Pattaya waits to see if cannabis smoking will risk arrests again

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Pro and anti groups for cannabis law reform are girding their loins.

Historians will one day marvel that a right-wing, military-backed government in Thailand has been so progressive on several social issues. Capital punishment for murder has all but been abandoned, apart from one solitary exception in 2018. Abortion has been legalized under defined conditions and gay marriage legislation is far advanced in the parliamentary process. Last June, cannabis became broadly legal not only for medicine and as a food additive, but for recreational purposes too.



For many conservative and backlashing Thais that liberalization was a step too far. Earlier this week, the public health ministry desperately revised the rules in an attempt to block the movement wanting to recriminalize the weed. Cannabis buds – flowers that contain the main concentrations of cannabinoid drugs – are now a controlled herb. Teens and pregnant or nursing women are reminded to keep clear, whilst vending machines, mobile merchants and online transactions are illegal. Selling is banned in most public places or business premises unless a medical practitioner is in attendance.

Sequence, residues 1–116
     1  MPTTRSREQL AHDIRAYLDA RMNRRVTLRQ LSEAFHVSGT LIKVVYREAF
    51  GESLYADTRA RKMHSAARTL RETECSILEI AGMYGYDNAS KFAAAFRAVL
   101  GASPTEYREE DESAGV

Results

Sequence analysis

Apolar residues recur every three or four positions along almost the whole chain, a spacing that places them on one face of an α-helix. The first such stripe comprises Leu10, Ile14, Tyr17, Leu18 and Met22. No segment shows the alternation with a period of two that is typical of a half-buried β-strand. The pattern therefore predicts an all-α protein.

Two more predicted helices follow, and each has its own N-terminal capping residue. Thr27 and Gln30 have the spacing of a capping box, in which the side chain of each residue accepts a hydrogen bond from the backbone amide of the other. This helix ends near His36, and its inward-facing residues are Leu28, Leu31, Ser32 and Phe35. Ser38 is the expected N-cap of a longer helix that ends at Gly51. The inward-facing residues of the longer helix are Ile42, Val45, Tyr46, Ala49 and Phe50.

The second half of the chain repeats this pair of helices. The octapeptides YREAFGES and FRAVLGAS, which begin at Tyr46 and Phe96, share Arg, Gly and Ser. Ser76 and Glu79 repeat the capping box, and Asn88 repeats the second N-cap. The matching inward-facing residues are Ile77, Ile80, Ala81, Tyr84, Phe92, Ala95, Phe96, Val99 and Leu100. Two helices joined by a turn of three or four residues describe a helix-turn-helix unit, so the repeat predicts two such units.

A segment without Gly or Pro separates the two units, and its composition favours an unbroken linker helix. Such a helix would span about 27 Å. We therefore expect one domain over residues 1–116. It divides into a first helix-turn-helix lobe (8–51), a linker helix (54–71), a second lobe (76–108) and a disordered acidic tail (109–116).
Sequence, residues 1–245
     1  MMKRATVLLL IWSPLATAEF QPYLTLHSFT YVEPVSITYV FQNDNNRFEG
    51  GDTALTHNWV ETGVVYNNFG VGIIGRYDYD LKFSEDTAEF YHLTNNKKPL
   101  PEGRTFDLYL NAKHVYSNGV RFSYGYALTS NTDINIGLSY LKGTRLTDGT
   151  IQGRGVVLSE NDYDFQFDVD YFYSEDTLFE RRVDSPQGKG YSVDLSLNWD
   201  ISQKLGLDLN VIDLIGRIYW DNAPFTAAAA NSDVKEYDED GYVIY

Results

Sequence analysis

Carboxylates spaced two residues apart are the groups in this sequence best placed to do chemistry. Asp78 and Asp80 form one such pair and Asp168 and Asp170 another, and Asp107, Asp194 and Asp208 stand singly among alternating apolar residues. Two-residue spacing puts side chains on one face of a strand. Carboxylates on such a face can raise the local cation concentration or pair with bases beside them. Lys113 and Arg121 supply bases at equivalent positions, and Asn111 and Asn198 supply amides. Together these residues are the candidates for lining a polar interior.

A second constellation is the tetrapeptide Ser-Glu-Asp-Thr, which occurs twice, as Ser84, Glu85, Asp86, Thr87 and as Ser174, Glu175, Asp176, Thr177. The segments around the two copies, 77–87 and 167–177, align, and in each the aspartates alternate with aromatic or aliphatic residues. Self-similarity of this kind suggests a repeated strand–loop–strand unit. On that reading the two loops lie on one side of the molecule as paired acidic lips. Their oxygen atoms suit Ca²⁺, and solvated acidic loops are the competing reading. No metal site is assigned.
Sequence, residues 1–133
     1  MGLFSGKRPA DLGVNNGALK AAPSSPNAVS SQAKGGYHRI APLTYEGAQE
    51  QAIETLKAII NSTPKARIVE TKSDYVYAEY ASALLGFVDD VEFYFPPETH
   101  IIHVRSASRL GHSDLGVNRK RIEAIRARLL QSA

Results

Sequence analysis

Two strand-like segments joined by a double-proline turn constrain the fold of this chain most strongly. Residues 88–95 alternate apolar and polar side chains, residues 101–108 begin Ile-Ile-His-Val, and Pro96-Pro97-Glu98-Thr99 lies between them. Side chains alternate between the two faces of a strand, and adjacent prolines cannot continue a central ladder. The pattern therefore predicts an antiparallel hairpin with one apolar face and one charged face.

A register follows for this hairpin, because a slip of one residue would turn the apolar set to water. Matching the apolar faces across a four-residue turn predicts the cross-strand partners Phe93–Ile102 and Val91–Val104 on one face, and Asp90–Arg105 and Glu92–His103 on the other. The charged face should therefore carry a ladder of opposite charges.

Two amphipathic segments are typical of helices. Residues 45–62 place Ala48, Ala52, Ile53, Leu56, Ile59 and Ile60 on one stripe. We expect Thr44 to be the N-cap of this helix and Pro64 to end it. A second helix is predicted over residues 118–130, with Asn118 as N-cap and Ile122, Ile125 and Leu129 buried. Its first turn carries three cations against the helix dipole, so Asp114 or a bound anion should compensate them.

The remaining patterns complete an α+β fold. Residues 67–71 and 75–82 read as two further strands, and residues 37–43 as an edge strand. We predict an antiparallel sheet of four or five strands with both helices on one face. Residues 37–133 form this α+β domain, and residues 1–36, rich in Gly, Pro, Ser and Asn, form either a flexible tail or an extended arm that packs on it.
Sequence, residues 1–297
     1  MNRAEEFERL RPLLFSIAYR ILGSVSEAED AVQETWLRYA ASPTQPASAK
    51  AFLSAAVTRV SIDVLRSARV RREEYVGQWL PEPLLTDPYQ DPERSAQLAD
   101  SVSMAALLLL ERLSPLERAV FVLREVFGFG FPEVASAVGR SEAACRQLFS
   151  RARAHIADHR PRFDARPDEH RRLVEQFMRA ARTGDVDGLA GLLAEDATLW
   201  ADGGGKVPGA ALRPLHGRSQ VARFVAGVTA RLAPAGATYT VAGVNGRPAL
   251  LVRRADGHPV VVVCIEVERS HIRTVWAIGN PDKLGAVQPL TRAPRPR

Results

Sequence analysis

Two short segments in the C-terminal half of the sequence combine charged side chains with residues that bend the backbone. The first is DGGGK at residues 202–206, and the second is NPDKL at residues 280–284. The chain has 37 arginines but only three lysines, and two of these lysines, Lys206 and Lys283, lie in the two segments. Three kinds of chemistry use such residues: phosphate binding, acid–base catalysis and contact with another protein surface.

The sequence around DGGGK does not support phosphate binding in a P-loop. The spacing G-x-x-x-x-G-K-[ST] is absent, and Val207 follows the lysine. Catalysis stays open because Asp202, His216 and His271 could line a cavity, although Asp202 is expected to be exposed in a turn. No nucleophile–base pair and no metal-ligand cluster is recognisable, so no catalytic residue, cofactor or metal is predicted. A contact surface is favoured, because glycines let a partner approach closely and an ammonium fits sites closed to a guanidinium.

Pattaya has 197 weed shops, cafes and dispensaries, according to the website Cannabis Weed Shops with innovative names such as Smokeys, Ganjahub and Speakeasy Revolution. The establishments don’t know any more where they stand if they sell for recreational purposes. Because the health ministry regulations are edicts and not parliamentary laws, it is not clear who is responsible for enforcing them. Many of Pattaya’s ganja-selling premises are expensively laid out and furnished. They were obviously financed for the long-term future.



A recent rally brought together cannabis farmers and shop owners who stand to lose out financially in addition to smokers who want to enjoy the various weed strains, the pre-rolled joints and the pot-infused gummies. But Thailand’s administrative court has already accepted a lawsuit filed by a doctor and opposition politicians to make cannabis an unlawful drug once again. Many observers believe that the key problem is the ham-fisted way decriminalization was introduced last June without a parliamentary act to supervise, clarify and limit selling and consumption.


Thai politics have an endearing habit of muddling through to some sort of collective compromise. After all, nobody knows to what extent the weed is linked to the phenomenal growth of international tourism right now. But a general election must be held within months. If, as many predict, the opposition Pheu Thai takes power as the largest party, its policy to recriminalize recreational use of the weed could be a false dawn for pioneering drug liberalization throughout Asia. The baby would indeed be thrown out with the bath water.











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